MR. FROMAN: Well, I think the decisions that the eurozone leaders took last week on creating a strong firewall, dealing with Greece, and very importantly, dealing with bank recapitalization, demonstrated their commitment to ensure that their banking system has what it takes to withstand any developments throughout this process. So they're in the process now of implementing that plan, and it will be important, as part of this overall firewall, that that recapitalization be done and be done in a robust way.
But I think they're right now in the process of implementing that, and we're monitoring that as it goes into place.
Q And related to that, specifically, how vulnerable do you think the U.S. banking system now is to the destruction in Europe — not just direct exposure, but indirect exposure — and are we going to be taking any steps that kind of make us less vulnerable?
MR. FROMAN: Well, I think Chairman Bernanke may have spoken on this yesterday or earlier this week. We think our direct exposure is modest and we think that we have the tools to take measures if necessary if there's any indirect exposure.
Q You mentioned the need for Europeans' overwhelming force, and you all have both said the U.S. has good examples in dealing with its own crisis in 2008-2009. Does that point to a Fed-like role for the ECB? And if not, in what ways can Europe use overwhelming force other than they've already discussed in their October 26 agreement?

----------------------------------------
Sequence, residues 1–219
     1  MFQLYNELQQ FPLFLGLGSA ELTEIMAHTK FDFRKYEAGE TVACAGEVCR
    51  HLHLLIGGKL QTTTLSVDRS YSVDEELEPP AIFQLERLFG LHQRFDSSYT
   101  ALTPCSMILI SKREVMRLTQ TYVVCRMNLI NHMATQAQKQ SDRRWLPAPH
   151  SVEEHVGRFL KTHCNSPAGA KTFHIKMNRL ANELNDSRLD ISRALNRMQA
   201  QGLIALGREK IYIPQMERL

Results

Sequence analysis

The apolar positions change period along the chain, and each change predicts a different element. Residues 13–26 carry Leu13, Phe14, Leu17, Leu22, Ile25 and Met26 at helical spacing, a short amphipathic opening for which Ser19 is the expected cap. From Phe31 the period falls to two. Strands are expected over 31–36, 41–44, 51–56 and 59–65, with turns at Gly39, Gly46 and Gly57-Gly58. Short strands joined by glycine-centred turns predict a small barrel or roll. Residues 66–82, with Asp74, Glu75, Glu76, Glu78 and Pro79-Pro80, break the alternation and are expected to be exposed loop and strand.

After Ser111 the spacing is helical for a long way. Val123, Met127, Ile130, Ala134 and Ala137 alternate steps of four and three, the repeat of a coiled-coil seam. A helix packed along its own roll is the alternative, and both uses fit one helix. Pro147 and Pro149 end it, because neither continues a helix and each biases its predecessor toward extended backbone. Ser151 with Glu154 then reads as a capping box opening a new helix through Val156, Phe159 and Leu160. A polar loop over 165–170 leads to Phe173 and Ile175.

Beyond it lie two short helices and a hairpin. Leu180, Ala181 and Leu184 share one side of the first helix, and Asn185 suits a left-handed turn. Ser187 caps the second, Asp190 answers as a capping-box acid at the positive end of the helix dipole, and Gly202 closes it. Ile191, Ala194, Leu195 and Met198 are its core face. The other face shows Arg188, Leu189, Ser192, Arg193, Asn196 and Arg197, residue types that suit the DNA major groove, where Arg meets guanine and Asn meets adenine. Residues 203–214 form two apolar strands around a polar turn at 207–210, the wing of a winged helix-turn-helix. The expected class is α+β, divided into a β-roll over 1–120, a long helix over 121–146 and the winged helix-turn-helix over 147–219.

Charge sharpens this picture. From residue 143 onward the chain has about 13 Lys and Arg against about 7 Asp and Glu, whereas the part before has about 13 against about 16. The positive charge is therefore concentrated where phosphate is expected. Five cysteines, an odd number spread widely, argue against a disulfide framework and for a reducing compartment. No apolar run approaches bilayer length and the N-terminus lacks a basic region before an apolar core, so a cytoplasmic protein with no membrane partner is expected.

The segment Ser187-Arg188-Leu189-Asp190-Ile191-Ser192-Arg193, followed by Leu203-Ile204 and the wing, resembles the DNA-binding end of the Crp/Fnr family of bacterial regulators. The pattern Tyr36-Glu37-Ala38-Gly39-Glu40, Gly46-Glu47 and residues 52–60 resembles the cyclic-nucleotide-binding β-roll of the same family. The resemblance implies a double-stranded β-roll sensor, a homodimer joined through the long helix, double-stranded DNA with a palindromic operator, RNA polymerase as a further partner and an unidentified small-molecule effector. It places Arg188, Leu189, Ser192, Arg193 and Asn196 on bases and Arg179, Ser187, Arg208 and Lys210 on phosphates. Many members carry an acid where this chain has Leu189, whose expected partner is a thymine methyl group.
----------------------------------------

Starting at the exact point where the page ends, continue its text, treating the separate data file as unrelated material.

MR. FROMAN: Well, in the case of the financial crisis in the U.S., there was obviously close cooperation between our Treasury Department, our financial authorities, and our central bank — the Fed. And that proved to be very effective in our case.
The Europeans will have to make their own decisions about how best to erect an effective firewall. And I think they have focused on the EFSF and are now working to elaborate that plan and discuss its relationship with other institutions.
I think there have also been comments out of the European Central Bank, including by the incoming chair Draghi — Mario Draghi — about its intent to continue to potentially play a role in the markets as necessary.
So that's for the Europeans to decide. We have experience from our model and they are working through those issues themselves.
Q In terms of some more specifics of the interaction between the President and world leaders in these bilats, what do they say about their conversation with Mr. Papandreou, and can you give us a sense as to what their view is of things going forward in the immediate future?